SAN DIEGO (Border Wall) — The area where Friendship Park sits, on a bluff above the Pacific Ocean and just south of Imperial Beach, California is one of the most iconic spots along the southern border, and in recent months it’s become one of the most controversial.
It’s due to a construction project that began back in February.
The Department of Homeland Security is in the process of putting up two 30-foot tall barriers replacing existing fencing that is much lower including the portion that runs into the ocean.
Opponents have said there is no need for the taller fencing as it will destroy the area’s aesthetics and natural beauty.
Just south of the border are Tijuana’s bullring and lighthouse, considered landmarks along the border.
Both structures will be harder to see from Friendship Park once the new structures are put in.
“It would completely devastate the visual landscape and the public’s experience of the park,” said Pedro Rios of the American Friends Service Committee and a staunch opponent of the project. “It would likely lead to more people that will fall from it and will cause various injuries and trauma to those Individuals.”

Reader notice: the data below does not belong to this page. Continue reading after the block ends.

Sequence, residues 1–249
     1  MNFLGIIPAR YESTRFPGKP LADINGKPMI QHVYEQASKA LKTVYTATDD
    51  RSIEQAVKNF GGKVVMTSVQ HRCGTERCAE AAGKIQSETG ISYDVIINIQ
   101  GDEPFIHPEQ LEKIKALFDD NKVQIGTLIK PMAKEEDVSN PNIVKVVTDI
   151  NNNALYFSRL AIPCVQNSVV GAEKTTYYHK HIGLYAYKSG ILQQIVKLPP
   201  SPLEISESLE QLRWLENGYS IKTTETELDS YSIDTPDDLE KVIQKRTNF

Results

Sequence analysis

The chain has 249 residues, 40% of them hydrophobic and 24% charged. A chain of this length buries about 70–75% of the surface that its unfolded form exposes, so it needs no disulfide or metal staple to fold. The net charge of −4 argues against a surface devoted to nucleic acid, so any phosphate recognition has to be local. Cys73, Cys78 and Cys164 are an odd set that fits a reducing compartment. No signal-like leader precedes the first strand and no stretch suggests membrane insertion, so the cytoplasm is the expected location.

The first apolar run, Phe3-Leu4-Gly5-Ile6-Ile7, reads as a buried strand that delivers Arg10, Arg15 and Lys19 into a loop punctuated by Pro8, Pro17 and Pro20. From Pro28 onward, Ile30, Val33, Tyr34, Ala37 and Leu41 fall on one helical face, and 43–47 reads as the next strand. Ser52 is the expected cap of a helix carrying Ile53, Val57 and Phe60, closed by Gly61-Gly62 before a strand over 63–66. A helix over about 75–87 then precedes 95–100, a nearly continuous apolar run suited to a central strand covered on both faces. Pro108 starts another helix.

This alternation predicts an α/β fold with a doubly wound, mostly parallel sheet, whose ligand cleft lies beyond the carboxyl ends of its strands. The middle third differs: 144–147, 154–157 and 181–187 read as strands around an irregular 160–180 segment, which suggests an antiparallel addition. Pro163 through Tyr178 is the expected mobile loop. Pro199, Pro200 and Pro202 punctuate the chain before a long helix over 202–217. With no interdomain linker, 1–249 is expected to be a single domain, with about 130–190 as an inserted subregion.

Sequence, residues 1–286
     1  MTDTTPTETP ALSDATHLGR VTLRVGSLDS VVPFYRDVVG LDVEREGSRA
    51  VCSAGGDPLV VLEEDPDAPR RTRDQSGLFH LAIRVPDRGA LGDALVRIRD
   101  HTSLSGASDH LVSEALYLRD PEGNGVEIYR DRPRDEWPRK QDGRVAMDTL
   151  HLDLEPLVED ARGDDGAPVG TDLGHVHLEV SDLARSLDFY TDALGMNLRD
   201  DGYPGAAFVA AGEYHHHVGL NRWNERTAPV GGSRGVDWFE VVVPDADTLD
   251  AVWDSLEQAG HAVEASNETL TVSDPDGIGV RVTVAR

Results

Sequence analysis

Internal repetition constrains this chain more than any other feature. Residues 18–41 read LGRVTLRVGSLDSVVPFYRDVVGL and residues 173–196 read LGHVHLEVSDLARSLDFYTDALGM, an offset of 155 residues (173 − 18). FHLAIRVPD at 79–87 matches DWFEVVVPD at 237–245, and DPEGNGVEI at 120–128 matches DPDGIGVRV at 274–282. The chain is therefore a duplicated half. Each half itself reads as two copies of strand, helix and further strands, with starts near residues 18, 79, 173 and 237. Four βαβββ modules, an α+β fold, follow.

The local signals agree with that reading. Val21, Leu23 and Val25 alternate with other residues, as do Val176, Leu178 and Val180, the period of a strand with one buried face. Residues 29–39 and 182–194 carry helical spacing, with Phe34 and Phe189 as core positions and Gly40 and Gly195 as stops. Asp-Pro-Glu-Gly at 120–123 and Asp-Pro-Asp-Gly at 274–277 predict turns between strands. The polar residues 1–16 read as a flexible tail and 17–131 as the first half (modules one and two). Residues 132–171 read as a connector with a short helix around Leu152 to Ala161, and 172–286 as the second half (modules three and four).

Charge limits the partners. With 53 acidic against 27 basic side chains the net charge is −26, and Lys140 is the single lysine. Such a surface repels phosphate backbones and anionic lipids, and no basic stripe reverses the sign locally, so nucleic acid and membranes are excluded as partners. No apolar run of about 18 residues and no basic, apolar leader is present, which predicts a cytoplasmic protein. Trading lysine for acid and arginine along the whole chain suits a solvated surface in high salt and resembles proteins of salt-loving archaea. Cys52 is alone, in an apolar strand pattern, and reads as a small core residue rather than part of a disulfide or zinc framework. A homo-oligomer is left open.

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Rios is also a member of Friends of Friendship Park, a well-known gathering spot where families and friends have met for decades with the primary border fence between them.
When the pandemic began, this public access ended and has yet to be restored.
“We also know the material being used will make it much more difficult for families that will visit to have an experience like other families have had in the past, where they are able to see their loved ones from one side to the next side of the border.”
In the past, access to this spot has been supervised by Border Patrol agents.
The agency has said it plans to include a gate on the wall, now under construction, and will consider allowing members of the public through and all the way to the primary fence, which is also scheduled to be rebuilt.
Rios believes there is still time for a compromise.
“That compromise would be to not initiate the construction of the primary border wall,” he said. “They could certainly do repairs to areas they believe need to be repaired.”
DHS did not return Border Report’s request for comment about the project and whether it would be willing to contemplate a middle ground.
In the past, the Border Patrol has said the walls need to be replaced after years of corrosion and exposure to the elements.
It has said the existing barriers have become a danger “to the public, the migrants, and the agents who patrol the area.”
The project, both walls, are scheduled to be completed in less than four months.